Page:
Anyone who lives on a busy street knows the problem: as soon as the window is opened, not only air comes in, but also a lot of noise. An international research team led by Bhan Lam from Nanyang Technological University in Singapore came up with a solution. The window should play back noise to eliminate noise. In Scientific reports the research results were published.
The working group attached 24 small loudspeakers directly to the open window in order to eliminate the sound entering from outside. The reason for the placement at the window is that the street noise should ideally be combated at the point where it penetrates the apartment.
The basic principle is similar to how Active Noise Canceling (ANC) works in headphones, i.e. active noise suppression. The systems are designed to eliminate noise by playing a suitable counter sound and ideally neutralizing the noise source.
Special windows required
The experiment was developed for apartments in Singapore, where there are often metal struts on the windows. These struts were used to mount the 24 loudspeakers across the window area. If you do not have metal struts in front of the windows, you will have difficulty distributing the speakers over the window area. The system does not necessarily make the outlook more attractive. When you look out of the window, you can see a lot of speakers. The whole thing is called an anti-noise control window.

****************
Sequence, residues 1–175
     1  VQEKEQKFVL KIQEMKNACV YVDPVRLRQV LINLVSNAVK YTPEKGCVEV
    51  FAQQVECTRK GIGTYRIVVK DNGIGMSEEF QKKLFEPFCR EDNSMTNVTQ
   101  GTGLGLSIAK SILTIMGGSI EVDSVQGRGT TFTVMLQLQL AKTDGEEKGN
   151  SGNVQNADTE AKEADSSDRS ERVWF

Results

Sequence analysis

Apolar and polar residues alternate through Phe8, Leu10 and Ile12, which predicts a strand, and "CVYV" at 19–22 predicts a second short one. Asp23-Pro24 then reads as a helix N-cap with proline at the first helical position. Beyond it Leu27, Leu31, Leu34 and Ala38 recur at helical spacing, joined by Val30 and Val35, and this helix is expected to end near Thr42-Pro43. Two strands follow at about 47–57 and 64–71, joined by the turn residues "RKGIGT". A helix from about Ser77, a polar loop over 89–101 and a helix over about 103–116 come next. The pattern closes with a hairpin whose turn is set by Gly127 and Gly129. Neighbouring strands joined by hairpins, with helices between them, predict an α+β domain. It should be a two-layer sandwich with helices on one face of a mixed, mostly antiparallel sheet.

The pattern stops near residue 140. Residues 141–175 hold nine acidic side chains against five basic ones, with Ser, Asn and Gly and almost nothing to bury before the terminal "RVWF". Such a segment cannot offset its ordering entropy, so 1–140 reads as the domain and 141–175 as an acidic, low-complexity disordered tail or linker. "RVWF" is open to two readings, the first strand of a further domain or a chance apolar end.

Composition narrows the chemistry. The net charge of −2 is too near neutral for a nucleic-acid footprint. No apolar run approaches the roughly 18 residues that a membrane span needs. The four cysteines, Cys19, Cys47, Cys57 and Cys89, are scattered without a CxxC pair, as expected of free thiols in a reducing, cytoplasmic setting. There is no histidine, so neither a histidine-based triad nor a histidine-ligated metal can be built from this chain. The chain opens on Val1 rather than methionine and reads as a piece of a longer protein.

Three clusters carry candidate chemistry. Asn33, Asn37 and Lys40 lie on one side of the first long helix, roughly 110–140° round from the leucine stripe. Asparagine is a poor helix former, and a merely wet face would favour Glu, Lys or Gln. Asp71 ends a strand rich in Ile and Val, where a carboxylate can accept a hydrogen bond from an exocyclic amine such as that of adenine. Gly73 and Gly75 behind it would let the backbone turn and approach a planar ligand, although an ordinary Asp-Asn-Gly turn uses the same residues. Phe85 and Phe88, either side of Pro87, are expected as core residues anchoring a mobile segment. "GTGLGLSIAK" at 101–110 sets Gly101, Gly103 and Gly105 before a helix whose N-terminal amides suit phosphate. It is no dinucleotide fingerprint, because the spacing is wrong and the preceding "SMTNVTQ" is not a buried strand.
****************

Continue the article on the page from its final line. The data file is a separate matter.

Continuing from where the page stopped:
To measure the external noise, there is a microphone on the outside of the window with which the sound waves are analyzed so that the appropriate counter-sound can be played through the loudspeakers. The microphone and loudspeakers are controlled by a computer system that does all the necessary calculations. This is intended to eliminate sound waves in the range between 300 and 1,000 Hertz.
Active noise reduction should keep out a lot of noise
If the active noise suppression is activated in the corresponding room, there should be a similar effect as with ANC headphones: background noise is at least strongly attenuated or even completely suppressed. Ideally, the Anti-Noise Control Window could keep the outside noise so far away that the noise level corresponds to that when the window is closed.
Especially monotonous sources of noise can currently be suppressed well. Conversations, however, have so far been difficult to filter. It also hardly reduces the sound of sirens or fireworks. The restrictions also have to do with the size of the speakers installed. In order to be able to filter out more frequency ranges, significantly larger speakers would be required. According to Lam, these would have to be housed in the window and that would affect the air exchange even more than it already does, according to a report from New York Times.